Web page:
The possibility of application of the method to an existing commercial immunoassay was evaluated. The enhancement was carried out on a glass-based allergen component microarray immunoassay. A set of 4 validated and characterized serum samples from allergic patients were evaluated with the microarray (samples were designated as a, b, c and d). The standard fluorometric detection of this assay was compared to staining with anti-IgE labeled AuNPs followed by the enhancement of signal (Figure 3). Prior to enhancement, no spots were detected on the microarrays where the detection was carried out with anti-IgE labeled AuNPs. After enhancement, several spots were visible by naked eye and their intensity was registered by image digitalization (Figure 3). With the fluorescence detection, a variety of spots were detected (Figure 3).
Figure 1. Illustration of the steps a microspot undergoes from analyte detection to enhanced signal. (a) Two antibody-modified nanoprobes after the detection of an analyte immobilized on a microspot, (b) incubation of the microarray with the enhancement protocol and subsequent seed-growth of the antibody-modified nanoprobes and (c) microspot where the size of the nanoprobes increased after incubating 5 min with the enhancement solution. This figure has been dapted from Dias et al.20 Please click here to view a larger version of this figure.
Figure 2. Digitalized image of microarrays for the detection of protein G. On the left of each microarray are the observed microspots prior to enhancement of the detection carried out with (a) IgG-AuNPs, (c) IgG-AgNPs, (e) IgG-IONPs and (g) IgG-SiNPs. On the right of each microarray are the microspots after enhancement of (b) IgG-AuNPs, (d) IgG-AgNPS, (f) IgG-IONPs and (h) IgG-SiNPs. Each concentration of protein G was deposited on the microarray in triplicate. A calculation of the number of protein G was done based on the concentration of the protein printed in each microspot. This figure has been adapted from Dias et al.20 Please click here to view a larger version of this figure.
Figure 3. Correlation between fluorescent intensity and colorimetric intensity obtained for the assays carried out with the commercial allergy diagnostic assay. Mean fluorescence intensity (MFI) and mean colorimetric intensity (MCI) measured for the detection of allergens in the samples a, b, c, and d. Insets are the log 10 transformed data in the intervals where a linear correlation between both methods was observed. The intensity of the microspots observed for the detection based on the fluorophore-modified antibody (Fluorophore-Ab) is fluorescence emission. The brightness of the microspots observed for the detection based on the Ab-AuNPs assay was obtained after digitalizing the microarray and inverting the image with imaging software. Microarrays are designed as to have vertical triplicates with positive controls for fluorescence detection on the far-right bottom. The other three corners are used for software evaluation. Images were analyzed in 16-bit grayscale. This figure has been adapted from Dias et al.20 Please click here to view a larger version of this figure.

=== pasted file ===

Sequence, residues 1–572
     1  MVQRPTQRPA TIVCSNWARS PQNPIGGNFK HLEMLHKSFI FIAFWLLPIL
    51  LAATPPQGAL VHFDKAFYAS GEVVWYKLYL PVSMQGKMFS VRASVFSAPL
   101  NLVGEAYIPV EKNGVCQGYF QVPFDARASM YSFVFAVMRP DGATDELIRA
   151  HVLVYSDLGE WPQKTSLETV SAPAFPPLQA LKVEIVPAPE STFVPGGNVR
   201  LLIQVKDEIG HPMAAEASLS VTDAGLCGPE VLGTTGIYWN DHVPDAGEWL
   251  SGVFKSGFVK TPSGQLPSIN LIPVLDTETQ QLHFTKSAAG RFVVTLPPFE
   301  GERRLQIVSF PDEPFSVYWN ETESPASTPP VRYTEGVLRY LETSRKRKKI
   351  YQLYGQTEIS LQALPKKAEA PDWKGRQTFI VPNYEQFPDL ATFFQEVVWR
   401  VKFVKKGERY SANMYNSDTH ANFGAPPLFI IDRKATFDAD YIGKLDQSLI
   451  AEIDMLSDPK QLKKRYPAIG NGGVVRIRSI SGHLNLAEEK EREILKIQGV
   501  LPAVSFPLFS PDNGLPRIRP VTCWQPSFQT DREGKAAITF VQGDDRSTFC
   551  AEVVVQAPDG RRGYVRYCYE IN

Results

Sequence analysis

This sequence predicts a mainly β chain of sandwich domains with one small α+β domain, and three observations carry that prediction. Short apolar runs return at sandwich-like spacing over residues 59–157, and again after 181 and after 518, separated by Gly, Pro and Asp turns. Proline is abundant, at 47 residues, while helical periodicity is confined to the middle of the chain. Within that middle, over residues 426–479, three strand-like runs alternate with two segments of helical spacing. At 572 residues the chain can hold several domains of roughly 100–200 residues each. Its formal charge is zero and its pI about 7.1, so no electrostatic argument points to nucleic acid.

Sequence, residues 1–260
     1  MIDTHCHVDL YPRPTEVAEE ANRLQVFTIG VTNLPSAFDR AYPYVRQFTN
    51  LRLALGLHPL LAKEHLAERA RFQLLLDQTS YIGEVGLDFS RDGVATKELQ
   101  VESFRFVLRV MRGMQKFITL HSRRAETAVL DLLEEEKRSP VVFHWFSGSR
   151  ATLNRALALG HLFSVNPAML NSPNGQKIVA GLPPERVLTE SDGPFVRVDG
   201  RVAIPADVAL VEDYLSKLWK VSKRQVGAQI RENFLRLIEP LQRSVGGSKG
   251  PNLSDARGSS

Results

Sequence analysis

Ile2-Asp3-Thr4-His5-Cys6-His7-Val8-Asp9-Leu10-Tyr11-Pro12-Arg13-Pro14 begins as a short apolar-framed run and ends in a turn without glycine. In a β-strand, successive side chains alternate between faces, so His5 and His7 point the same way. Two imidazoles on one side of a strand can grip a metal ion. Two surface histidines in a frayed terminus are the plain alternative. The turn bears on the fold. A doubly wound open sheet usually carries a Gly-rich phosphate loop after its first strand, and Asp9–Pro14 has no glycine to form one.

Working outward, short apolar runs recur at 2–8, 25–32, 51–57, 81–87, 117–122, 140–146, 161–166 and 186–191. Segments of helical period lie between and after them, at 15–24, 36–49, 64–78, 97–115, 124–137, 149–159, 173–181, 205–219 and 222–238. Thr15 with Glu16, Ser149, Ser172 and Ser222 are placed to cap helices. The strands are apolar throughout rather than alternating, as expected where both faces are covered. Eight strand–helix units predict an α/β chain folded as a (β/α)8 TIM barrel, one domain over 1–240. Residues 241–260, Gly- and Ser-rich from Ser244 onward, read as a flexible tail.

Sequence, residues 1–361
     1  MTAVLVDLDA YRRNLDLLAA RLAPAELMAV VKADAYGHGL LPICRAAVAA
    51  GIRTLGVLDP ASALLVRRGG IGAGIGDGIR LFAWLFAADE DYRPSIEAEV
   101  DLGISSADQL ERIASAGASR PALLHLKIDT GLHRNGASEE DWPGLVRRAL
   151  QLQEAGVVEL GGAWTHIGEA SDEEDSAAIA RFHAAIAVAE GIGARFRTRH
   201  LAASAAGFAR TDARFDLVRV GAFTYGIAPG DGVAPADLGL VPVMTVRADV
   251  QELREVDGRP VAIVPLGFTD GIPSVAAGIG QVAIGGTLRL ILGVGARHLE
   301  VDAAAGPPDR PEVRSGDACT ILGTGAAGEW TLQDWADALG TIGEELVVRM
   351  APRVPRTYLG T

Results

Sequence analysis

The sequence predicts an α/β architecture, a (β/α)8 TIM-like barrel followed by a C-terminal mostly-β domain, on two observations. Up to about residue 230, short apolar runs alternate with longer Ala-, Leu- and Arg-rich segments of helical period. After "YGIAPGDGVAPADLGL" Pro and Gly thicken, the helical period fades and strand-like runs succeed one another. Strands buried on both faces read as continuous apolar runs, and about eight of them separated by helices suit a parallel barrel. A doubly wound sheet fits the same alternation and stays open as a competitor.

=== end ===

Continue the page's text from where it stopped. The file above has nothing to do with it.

|R2 prior enhancement||R2 after enhancement|
Table 1. R2 values for detection of protein G, prior and after enhancement, using different sets of nanoparticles. The R2 values were obtained after correlating the intensity of the spots with the concentration of analyte measured.
Currently, signal enhancement techniques for assays with nanoprobe-based detection are either enzyme-based12, require a second set of nanoparticles to target the detection nanoprobes21 or, in the case of staining techniques, are limited to the use of AuNPs or AgNPs as detection probes.22 Here, a simple, rapid and enzyme-free method is described for signal enhancement of nanoprobe detection-based assays. With this method, it was possible to enhance the colorimetric signal provided by 4 types of nanoprobes: AuNPs, AgNPs, IONPs and SiNPs.
The observed amplification factor for each set of nanoprobes was of 100-fold, except for the SiNPs where quantification of the enhancement factor was not possible due to lack of pre-enhancement signals. This enhancement factor suggests that the efficiency of the protocol is similar across all types of nanoprobes. Moreover, when the enhancement protocol was carried out on a paper support where a dilution series of a stock AuNPs suspension was printed, it was observed a 10000-fold amplification factor. Previous to enhancement, the visible spots with the lowest number of AuNPs were where approximately 10000 nanoparticles were printed, after enhancement the spots harboring less than 10 nanoparticles became visible.20
The conditions established for the enhancement protocol here presented have allowed taking advantage of the reduction of Au3+ to Au0 for signal improving, while maintaining the background noise to a minimum. The enhancement can be performed right after the assay is performed as well as on microarrays that have been stored for up to several months after the assay was performed. The enhancement solution consists of a 1:1 mixture of solution 1 and solution 2. Both solutions can be previously mixed or directly mixed when pipetted onto the microarray. The difference between pre-mixing or direct mixing affects only the shelf-life of the enhancement solution. When pre-mixed the shelf-life is of 5-7 days increasing to 30-45 days if not pre-mixed.